Objective: Transfusions prevent secondary stroke in children with sickle cell anemia (SCA) but also cause iron overload. Alternatives for stroke prophylaxis with effective therapy to reduce iron burden are needed.
Study design: For 35 children with SCA and stroke, transfusions were prospectively discontinued. Hydroxyurea was prescribed for stroke prophylaxis, and phlebotomy removed excess iron. Initial patients discontinued transfusions before hydroxyurea therapy, but later patients overlapped transfusions with hydroxyurea until tolerating full-dose therapy.
Results: Children received hydroxyurea for 42 +/- 30 months (range, 3-104 months). Hydroxyurea (26.7 +/- 4.8 mg/kg per day) led to mild neutropenia (3.9 +/- 2.3 x 10(9)/L) with significant increases in hemoglobin concentration, mean corpuscular volume, and fetal hemoglobin. Stroke recurrence rate was 5.7 events per 100 patient-years, but children receiving overlapping hydroxyurea therapy had only 3.6 events per 100 patient-years. For 26 children with >6 months of phlebotomy, 14,311 +/- 12,459 mL blood (315 +/- 214 mL/kg) was removed, with serum ferritin decreasing from a median of 2722 to 298 ng/mL. Among patients completing phlebotomy, liver biopsy documented normal histology and no excess iron deposition.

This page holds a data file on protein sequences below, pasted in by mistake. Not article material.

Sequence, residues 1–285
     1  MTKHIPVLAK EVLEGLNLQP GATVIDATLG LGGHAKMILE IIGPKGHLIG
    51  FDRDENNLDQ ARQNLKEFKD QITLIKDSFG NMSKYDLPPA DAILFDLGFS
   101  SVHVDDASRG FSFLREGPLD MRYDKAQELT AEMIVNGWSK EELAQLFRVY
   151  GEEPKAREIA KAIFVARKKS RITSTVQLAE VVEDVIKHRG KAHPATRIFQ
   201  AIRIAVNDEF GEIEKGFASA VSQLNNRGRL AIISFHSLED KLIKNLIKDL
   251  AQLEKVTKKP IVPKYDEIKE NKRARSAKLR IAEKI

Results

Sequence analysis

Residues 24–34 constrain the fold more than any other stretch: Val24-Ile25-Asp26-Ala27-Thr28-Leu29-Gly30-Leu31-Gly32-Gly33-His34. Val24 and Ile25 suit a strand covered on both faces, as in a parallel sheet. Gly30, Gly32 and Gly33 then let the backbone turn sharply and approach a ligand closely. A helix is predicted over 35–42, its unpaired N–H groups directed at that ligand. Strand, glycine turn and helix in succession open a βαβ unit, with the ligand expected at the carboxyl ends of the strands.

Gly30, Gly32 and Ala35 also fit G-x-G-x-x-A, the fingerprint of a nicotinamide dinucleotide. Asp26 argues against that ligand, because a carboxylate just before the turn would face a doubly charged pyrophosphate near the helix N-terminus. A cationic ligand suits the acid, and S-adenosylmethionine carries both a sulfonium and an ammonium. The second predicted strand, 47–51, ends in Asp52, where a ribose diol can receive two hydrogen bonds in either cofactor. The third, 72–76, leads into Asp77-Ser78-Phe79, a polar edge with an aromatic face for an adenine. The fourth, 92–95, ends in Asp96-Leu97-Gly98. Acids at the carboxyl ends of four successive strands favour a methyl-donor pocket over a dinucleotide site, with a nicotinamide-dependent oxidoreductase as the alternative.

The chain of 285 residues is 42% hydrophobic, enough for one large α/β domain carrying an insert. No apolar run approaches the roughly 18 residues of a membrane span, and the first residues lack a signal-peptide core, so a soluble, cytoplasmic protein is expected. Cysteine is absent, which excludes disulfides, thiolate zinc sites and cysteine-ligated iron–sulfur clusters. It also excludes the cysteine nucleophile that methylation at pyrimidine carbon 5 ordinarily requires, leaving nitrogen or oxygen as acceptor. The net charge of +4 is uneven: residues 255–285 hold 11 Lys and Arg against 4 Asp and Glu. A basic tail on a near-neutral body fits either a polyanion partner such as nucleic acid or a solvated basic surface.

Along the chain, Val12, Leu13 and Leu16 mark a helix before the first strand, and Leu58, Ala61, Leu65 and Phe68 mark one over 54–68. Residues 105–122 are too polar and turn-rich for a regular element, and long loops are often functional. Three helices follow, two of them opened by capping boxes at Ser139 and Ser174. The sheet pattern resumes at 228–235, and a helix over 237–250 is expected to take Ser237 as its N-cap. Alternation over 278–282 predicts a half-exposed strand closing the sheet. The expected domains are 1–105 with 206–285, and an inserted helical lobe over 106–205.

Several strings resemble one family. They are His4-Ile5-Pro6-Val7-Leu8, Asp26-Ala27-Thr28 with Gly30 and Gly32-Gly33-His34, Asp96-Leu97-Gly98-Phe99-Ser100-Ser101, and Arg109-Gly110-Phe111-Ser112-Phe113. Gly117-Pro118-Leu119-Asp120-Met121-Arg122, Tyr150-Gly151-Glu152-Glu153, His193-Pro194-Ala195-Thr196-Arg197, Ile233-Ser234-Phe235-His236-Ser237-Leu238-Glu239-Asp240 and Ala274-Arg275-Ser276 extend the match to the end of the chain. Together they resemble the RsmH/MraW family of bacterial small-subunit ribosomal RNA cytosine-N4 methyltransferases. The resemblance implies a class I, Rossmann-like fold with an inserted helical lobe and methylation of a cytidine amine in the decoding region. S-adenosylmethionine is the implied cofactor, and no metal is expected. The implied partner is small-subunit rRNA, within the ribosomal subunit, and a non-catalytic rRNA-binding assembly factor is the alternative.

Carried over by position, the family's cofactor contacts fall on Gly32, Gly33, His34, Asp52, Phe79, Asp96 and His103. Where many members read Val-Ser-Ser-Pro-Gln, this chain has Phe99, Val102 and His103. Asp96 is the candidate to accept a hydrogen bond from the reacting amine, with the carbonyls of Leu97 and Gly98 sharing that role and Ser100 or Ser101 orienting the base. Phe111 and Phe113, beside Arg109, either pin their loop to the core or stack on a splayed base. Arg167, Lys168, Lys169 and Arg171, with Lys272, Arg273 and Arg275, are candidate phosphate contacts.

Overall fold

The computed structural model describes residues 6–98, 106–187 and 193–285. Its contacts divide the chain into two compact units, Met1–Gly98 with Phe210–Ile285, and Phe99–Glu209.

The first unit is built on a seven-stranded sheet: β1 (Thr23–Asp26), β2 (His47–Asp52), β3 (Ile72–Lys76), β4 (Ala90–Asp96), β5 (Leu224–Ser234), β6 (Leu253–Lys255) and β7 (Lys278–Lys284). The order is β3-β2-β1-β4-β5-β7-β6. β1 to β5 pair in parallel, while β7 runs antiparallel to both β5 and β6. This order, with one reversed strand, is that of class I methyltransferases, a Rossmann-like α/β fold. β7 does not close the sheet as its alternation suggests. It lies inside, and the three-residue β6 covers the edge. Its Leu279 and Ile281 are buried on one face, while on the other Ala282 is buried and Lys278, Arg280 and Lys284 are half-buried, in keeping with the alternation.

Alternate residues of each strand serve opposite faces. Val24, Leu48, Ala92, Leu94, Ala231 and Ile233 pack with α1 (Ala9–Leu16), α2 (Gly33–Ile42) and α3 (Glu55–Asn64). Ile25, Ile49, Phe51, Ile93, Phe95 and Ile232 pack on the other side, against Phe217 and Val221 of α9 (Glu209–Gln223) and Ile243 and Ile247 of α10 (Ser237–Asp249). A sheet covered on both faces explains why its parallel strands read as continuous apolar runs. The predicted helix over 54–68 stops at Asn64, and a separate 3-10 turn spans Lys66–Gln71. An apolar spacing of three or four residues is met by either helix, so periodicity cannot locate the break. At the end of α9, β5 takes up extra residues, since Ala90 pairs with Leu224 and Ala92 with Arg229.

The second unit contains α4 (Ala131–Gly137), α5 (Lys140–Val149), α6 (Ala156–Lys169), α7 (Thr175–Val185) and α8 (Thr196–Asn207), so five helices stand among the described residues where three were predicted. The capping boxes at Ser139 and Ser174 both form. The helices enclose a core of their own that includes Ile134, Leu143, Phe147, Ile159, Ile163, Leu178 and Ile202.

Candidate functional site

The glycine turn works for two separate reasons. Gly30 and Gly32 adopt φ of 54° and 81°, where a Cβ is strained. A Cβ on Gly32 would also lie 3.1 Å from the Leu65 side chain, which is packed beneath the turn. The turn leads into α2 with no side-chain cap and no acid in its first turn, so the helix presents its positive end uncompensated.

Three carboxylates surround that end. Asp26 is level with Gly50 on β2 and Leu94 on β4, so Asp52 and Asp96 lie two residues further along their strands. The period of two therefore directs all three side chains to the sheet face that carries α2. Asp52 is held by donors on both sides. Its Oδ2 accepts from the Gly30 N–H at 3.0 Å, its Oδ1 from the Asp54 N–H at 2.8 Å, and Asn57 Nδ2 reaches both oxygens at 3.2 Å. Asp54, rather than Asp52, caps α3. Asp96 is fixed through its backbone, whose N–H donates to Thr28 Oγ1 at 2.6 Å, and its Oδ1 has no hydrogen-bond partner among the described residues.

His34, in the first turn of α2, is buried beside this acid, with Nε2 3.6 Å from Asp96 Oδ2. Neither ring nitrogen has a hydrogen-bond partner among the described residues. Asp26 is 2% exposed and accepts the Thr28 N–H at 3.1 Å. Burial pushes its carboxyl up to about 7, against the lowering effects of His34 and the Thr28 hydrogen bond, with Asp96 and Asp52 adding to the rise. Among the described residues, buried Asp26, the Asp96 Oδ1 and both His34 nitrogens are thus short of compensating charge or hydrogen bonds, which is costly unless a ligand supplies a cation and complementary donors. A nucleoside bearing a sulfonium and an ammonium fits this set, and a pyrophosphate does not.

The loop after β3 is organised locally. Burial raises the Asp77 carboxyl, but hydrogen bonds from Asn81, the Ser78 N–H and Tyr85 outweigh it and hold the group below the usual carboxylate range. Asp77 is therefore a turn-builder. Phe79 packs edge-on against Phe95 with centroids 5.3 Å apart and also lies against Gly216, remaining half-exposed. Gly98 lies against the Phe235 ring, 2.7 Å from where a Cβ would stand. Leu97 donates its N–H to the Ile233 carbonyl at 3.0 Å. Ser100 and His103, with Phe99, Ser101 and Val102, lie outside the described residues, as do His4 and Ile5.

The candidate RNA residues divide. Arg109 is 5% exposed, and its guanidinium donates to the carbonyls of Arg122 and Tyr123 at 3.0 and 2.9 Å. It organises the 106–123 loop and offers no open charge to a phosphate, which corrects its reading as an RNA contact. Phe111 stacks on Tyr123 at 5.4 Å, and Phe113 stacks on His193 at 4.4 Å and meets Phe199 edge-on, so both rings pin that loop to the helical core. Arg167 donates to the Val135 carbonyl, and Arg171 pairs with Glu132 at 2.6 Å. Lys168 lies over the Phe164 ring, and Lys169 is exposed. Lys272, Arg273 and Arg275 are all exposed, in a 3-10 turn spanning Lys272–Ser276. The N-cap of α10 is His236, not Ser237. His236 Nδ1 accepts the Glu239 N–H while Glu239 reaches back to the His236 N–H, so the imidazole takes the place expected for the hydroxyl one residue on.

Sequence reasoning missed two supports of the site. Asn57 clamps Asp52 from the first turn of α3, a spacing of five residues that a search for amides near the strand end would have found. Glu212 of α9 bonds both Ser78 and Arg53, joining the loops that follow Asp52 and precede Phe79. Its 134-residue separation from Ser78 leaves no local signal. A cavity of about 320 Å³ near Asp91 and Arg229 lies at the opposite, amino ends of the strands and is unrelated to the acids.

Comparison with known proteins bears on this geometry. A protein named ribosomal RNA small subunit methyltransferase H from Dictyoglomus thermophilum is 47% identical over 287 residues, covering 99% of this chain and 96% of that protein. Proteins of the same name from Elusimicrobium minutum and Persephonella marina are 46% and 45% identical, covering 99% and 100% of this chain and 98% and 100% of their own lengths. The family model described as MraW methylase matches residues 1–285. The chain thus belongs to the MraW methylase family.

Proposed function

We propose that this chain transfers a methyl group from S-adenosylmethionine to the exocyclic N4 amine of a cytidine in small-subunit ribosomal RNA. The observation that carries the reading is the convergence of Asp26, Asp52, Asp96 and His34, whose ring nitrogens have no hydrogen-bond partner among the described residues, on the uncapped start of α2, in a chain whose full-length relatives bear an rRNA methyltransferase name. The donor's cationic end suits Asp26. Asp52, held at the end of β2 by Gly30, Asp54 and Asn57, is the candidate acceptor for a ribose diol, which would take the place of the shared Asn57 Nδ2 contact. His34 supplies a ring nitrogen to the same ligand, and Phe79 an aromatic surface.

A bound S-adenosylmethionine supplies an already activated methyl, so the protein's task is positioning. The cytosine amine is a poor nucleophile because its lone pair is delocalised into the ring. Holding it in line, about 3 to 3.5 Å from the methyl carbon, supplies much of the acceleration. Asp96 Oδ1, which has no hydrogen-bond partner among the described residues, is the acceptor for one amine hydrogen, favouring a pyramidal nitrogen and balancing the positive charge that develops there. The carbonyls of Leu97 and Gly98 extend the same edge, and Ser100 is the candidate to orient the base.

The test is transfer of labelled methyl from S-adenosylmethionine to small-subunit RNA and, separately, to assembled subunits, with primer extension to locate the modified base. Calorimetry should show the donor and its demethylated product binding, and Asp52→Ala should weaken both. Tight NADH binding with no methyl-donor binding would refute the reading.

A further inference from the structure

Conclusions: For children with SCA and stroke, hydroxyurea effectively prevents secondary stroke and serial phlebotomy leads to complete resolution of transfusional iron overload.